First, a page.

Memphis has a rare TT start, where you take off every 3 seconds instead of a wave. It's pretty much a stress-free experience at the start because you just line up, and next thing you know, you're 100yds into the water and not getting any elbows to the face. I aged up this year into the 35-39 group (even though I'm really still 34), and my seed time was set further back than it had been when I was in the 30-34 category. The swim was cold, but fast, and I mainly tried to hold form over powering through the water. Jumped out of the water a bit slower than last year, but when I came out, I was really fresh and my arms weren't all swollen from the effort.

Got on the bike and hit the course. The problem I realize now about starting later is that instead of having 50 people to work through, I now had about 600. I was scared quite a bit a few times, passing someone weaving around at 15mph while I was doing a solid 30. I felt a little bit bad at times because I would have to cut close as I passed so quickly, but it's not like I can yell ahead going 30mph loud enough for them to hear me. I'm a strong proponent of creating a middle category for people in my situation, where they aren't pro, but don't really belong in the middle pack AG anymore either. I think it would make things better and safer for everyone. The speed differential is eventually going to cause an accident. The bike was windier this year, but split-wise, I ended up with a faster time than 2007, which was nice. I felt I had struggled more last year, while this year I kept the pace more even.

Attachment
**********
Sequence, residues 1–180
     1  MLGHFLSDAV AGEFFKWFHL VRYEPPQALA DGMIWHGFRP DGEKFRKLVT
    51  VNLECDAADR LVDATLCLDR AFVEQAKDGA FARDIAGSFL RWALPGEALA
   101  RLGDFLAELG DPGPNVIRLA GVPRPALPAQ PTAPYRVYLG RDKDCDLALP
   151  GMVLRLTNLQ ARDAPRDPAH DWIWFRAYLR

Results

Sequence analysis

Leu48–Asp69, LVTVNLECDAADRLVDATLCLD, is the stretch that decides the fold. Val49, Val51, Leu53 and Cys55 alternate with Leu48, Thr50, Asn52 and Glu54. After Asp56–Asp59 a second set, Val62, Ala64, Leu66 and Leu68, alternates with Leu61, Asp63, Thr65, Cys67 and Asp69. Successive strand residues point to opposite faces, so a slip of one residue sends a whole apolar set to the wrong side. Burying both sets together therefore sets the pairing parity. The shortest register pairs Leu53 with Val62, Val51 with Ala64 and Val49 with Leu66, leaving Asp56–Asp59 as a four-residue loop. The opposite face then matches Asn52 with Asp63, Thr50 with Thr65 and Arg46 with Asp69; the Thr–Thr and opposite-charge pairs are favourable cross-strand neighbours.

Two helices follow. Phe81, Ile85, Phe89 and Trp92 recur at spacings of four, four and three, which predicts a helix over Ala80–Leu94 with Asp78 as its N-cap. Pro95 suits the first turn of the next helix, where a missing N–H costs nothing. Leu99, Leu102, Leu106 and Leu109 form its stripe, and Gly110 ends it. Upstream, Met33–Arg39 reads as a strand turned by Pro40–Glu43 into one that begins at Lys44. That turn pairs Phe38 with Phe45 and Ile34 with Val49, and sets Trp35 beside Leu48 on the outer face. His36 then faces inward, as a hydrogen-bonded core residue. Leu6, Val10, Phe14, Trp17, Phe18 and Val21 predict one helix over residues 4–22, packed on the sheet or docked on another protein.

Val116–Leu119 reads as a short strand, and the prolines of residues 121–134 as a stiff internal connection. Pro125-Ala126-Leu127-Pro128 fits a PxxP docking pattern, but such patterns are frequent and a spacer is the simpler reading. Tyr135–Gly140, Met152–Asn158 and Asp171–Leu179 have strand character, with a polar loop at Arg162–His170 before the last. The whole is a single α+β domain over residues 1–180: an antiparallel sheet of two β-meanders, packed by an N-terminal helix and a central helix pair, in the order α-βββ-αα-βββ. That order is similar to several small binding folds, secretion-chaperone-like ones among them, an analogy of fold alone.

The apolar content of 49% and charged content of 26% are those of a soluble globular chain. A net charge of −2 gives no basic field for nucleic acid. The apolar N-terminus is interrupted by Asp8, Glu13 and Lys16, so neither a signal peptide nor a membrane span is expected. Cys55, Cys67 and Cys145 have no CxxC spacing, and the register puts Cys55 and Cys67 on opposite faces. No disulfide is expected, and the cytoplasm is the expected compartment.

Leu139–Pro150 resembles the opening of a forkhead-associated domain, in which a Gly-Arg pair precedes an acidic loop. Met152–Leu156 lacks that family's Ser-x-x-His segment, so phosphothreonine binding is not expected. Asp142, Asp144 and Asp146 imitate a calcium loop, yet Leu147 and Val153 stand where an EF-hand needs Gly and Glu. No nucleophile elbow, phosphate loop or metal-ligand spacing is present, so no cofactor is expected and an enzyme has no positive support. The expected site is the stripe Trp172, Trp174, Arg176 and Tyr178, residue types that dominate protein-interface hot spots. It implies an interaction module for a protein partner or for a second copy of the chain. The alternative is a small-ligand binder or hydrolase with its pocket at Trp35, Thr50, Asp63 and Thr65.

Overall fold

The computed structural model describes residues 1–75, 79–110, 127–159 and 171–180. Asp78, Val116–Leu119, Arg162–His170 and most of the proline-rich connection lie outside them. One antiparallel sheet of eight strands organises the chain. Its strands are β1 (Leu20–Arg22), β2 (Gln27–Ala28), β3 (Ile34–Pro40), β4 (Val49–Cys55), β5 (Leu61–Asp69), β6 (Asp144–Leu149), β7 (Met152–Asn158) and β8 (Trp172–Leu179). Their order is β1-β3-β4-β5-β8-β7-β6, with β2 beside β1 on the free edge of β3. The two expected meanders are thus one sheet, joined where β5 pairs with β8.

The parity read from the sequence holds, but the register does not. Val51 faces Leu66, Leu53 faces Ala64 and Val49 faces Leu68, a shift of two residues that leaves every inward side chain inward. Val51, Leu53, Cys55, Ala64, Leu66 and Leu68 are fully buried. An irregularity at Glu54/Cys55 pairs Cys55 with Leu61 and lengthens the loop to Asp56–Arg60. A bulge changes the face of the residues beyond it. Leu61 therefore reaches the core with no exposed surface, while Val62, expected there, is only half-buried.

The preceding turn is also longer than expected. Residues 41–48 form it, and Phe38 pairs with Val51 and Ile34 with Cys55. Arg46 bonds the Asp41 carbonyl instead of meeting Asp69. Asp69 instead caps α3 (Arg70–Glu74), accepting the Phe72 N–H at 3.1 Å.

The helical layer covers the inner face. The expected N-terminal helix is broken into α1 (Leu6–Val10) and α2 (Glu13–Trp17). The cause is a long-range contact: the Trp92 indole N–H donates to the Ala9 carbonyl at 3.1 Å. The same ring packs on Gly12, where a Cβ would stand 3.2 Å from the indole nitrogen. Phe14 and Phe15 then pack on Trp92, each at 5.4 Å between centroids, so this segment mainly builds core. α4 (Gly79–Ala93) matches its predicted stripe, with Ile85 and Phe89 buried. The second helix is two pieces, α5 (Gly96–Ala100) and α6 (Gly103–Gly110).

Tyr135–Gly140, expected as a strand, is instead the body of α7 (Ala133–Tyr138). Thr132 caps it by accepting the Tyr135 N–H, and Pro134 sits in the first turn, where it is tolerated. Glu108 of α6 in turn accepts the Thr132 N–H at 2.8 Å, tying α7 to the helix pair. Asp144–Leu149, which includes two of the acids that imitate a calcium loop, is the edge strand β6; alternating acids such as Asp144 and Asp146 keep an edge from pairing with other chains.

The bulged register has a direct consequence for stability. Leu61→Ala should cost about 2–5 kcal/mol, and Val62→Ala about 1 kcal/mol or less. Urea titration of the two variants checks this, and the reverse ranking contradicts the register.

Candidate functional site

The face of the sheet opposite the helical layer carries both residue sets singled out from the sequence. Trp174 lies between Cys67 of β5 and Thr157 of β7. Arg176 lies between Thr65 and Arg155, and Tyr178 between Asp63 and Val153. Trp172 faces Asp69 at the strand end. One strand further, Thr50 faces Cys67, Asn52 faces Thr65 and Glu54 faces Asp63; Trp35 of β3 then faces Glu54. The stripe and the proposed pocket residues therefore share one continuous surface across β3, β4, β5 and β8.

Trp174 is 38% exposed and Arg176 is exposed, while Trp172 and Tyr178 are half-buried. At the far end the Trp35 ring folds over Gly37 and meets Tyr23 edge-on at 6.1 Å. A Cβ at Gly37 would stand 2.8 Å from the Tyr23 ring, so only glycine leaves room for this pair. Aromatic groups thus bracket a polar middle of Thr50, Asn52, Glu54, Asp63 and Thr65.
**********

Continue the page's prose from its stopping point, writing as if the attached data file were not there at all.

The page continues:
As I was coming off of the bike, I could see yellow pollen blowing off the pine trees on the last stretch. I knew I was going to pay for that with my bad allergies for tree pollen. Got off onto the run, taking the first 1/2 mile under control to get the breathing down. My "controlled" pace is still probably 10seconds/mile too fast, but my brain doesn't know any better. I had a some fear of some burly GO Army guy who came in behind me on the bike, as if he had stayed with me on the start of the run, he would have given my concentration a nil. Thankfully he stayed behind me.

I knew the course, keeping each landmark I knew as a goal to get so I could keep my mind off the uncomfortableness of running hard. I saw Liz coming the other direction and she stopped to cheer. Said something about her leg cramping. I didn't need to know her explanation, I just understood. I had been to this place a couple times before, where the race just isn't going your way and you just simply call it a day. Liz had never understood why I have at least a dozen DNF's to my name, but today she did. I knew Liz had alot on her mind about her race preparedness, especially coming from St. Croix, and when everyone is watching, it's hard to keep going when your game face is not on.